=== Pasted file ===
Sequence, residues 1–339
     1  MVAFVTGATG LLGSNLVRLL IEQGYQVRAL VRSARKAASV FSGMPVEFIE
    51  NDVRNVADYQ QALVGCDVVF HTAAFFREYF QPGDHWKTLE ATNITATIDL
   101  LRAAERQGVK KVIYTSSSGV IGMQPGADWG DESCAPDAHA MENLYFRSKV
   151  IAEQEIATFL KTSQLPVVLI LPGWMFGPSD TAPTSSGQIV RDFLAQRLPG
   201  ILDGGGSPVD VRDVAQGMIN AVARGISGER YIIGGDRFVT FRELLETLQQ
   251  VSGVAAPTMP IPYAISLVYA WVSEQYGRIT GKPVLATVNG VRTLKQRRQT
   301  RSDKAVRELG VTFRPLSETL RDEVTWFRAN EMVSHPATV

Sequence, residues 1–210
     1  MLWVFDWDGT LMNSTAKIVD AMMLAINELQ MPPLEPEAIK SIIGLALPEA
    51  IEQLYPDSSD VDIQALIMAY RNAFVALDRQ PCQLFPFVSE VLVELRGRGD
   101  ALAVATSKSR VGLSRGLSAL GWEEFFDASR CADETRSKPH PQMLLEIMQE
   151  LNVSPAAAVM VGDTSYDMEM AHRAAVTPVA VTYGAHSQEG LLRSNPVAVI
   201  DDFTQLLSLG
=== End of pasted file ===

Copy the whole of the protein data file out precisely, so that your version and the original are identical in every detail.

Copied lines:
Sequence, residues 1–339
     1  MVAFVTGATG LLGSNLVRLL IEQGYQVRAL VRSARKAASV FSGMPVEFIE
    51  NDVRNVADYQ QALVGCDVVF HTAAFFREYF QPGDHWKTLE ATNITATIDL
   101  LRAAERQGVK KVIYTSSSGV IGMQPGADWG DESCAPDAHA MENLYFRSKV
   151  IAEQEIATFL KTSQLPVVLI LPGWMFGPSD TAPTSSGQIV RDFLAQRLPG
   201  ILDGGGSPVD VRDVAQGMIN AVARGISGER YIIGGDRFVT FRELLETLQQ
   251  VSGVAAPTMP IPYAISLVYA WVSEQYGRIT GKPVLATVNG VRTLKQRRQT
   301  RSDKAVRELG VTFRPLSETL RDEVTWFRAN EMVSHPATV

Sequence, residues 1–210
     1  MLWVFDWDGT LMNSTAKIVD AMMLAINELQ MPPLEPEAIK SIIGLALPEA
    51  IEQLYPDSSD VDIQALIMAY RNAFVALDRQ PCQLFPFVSE VLVELRGRGD
   101  ALAVATSKSR VGLSRGLSAL GWEEFFDASR CADETRSKPH PQMLLEIMQE
   151  LNVSPAAAVM VGDTSYDMEM AHRAAVTPVA VTYGAHSQEG LLRSNPVAVI
   201  DDFTQLLSLG